TypeKit

Typekit was purchased by Adobe not too long ago, so one would argue that they’re the best.  They have a wide selection of professional font families available that other services don’t; classics like Gotham, for example.  They have a limited selection available for free, but to get to the majority of the collection you have to pay a fee.  Once you’ve selected your fonts, however, two lines of JavaScript will fix everything for you – you don’t have to call them manually from your stylesheet, call them inside of TypeKit instead.

My Favorite Fonts

I’ve chosen a few fonts from each service to showcase as some of my favorites:

Serif Fonts

Museo (TypeKit)

Vollkorn (Google Fonts)

Josefin Slab (Google Fonts)

Sans-Serif Fonts

Open Sans (FontSquirrel)

Proxima Nova (TypeKit)

Ubuntu (Google Fonts)

Display / Script Fonts

Girl Next Door (Google Fonts)

Pacifico (Google Fonts)

Special Elite (Google Fonts)

2. Large Photo Backgrounds

As internet connections get better, photos are becoming more and more prevalent – not just as accents to content, but as part of the design itself.  Couple that with the semi-new CSS3 standards, and designers are taking photography to a whole new level.  It’s not uncommon to see designs and blogs with photos spanning the width of the site itself.

How to Set a Large Photo Background

This is fairly easy, but it does require a bit of thinking.  Specifically, you have to make sure that the background is high enough resolution to accomplish what you need, but not so large that even high-bandwidth devices take too long to download it.  I recommend no more than 500k-700k for your file size – any more will be too large, and any less will be too compressed (and will look terrible).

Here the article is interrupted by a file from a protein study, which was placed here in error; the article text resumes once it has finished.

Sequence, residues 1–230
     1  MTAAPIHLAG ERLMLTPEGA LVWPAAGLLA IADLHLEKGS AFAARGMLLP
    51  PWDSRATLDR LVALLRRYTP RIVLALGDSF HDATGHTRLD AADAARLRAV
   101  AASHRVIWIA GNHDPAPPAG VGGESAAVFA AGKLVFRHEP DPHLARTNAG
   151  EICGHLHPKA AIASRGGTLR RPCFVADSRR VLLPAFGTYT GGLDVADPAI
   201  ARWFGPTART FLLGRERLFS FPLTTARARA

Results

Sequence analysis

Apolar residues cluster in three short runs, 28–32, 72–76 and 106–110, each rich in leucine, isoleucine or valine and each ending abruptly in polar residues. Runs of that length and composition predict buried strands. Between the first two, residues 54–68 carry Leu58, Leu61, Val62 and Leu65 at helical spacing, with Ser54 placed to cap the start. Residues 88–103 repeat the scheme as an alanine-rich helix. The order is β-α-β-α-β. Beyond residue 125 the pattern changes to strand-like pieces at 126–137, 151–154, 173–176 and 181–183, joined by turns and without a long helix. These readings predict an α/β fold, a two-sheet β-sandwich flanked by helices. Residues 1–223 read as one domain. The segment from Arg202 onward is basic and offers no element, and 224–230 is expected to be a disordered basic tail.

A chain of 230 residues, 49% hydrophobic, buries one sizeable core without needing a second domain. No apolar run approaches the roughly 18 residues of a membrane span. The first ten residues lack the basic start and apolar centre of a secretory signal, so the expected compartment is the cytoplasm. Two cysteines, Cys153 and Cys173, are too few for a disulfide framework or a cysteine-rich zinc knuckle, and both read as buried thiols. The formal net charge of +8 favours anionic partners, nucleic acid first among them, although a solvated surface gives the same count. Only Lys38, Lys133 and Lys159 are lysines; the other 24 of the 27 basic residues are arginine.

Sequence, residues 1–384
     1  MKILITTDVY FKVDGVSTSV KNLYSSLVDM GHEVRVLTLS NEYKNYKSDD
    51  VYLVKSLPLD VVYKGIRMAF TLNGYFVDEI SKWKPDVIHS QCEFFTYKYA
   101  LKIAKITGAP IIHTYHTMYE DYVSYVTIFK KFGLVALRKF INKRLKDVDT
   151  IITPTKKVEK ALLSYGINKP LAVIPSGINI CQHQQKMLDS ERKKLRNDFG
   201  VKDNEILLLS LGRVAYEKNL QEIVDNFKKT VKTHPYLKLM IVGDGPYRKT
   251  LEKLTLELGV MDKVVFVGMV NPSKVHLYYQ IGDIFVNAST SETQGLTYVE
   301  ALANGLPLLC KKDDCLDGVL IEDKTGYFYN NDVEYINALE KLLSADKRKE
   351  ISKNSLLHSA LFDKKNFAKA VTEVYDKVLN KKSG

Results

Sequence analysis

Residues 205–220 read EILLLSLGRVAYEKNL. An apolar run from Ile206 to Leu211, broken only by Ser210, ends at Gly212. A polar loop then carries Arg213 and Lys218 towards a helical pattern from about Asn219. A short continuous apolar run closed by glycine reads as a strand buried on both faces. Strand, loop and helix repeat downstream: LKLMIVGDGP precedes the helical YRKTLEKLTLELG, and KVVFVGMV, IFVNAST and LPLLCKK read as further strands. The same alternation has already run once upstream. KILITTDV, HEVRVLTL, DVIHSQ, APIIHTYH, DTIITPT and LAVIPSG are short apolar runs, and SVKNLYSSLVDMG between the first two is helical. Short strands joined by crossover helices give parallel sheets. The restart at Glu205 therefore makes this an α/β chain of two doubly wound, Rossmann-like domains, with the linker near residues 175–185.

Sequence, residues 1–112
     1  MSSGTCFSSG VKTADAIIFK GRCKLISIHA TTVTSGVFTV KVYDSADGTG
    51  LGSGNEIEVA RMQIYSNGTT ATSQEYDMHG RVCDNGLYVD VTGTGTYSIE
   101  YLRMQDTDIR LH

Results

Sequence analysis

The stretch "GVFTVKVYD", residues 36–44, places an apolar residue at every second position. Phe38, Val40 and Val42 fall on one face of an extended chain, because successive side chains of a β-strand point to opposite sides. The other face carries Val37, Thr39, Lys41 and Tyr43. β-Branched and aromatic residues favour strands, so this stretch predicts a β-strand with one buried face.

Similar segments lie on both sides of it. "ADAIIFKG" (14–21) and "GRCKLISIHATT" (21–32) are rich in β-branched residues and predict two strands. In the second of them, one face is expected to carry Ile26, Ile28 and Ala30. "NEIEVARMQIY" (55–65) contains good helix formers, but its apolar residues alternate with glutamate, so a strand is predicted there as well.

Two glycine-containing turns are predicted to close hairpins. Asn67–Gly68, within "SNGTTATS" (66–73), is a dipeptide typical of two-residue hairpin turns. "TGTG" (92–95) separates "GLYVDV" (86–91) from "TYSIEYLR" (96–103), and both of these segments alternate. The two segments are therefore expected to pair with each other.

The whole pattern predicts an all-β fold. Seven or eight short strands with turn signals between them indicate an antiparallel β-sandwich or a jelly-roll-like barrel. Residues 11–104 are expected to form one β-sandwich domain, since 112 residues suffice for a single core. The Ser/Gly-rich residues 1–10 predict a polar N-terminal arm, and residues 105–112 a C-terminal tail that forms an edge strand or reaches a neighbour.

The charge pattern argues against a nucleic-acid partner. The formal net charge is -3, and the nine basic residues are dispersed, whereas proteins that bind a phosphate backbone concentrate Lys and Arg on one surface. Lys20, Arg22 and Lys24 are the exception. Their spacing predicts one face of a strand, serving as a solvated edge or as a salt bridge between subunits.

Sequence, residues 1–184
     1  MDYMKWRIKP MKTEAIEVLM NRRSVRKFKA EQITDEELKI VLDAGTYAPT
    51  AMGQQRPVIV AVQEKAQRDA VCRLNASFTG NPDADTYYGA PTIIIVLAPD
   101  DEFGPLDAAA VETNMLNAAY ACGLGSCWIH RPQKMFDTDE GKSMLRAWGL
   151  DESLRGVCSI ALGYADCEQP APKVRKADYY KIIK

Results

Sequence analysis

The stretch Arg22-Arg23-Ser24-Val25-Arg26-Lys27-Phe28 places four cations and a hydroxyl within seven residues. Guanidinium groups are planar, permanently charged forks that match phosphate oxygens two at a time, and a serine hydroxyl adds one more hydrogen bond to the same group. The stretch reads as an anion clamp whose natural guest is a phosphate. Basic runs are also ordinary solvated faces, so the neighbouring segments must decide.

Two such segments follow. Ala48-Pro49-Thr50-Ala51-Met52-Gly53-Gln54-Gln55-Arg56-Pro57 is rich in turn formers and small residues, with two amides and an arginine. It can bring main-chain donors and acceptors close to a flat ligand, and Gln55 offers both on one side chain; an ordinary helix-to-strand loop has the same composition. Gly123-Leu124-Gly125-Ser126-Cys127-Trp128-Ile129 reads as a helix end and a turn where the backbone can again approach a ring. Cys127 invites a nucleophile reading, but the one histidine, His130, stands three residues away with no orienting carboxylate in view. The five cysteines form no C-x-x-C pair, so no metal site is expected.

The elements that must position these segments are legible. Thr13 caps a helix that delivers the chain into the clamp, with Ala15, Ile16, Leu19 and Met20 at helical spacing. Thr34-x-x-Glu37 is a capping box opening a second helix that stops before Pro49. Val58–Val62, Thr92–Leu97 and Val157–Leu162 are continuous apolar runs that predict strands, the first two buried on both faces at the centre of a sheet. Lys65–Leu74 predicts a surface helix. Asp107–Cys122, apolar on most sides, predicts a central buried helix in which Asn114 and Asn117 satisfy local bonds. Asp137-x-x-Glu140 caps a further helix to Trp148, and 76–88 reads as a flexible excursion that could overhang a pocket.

Upload your photo, and use this code in your stylesheet:

body{background: url(images/image-file.jpg) no-repeat center top;}

This sets the background image, tells it to not repeat (or tile), and aligns it at the top-center of your site. If you want to scale the image, you can add the “background-size” attribute:

body{
background: url(images/image-file.jpg) no-repeat center top;
background-size: 100% auto;
}

This will cause the background image to always be 100% wide (and the height will scale accordingly) – great for responsive designs (which we’ll talk about momentarily).

Examples of Photo Background Sites

Here are a few sites I’ve designed or seen online that utilize a large photo background:

 

thirdoptionmen.org

mellowmushroom.com

bentlyreserve.com

3. Responsive Design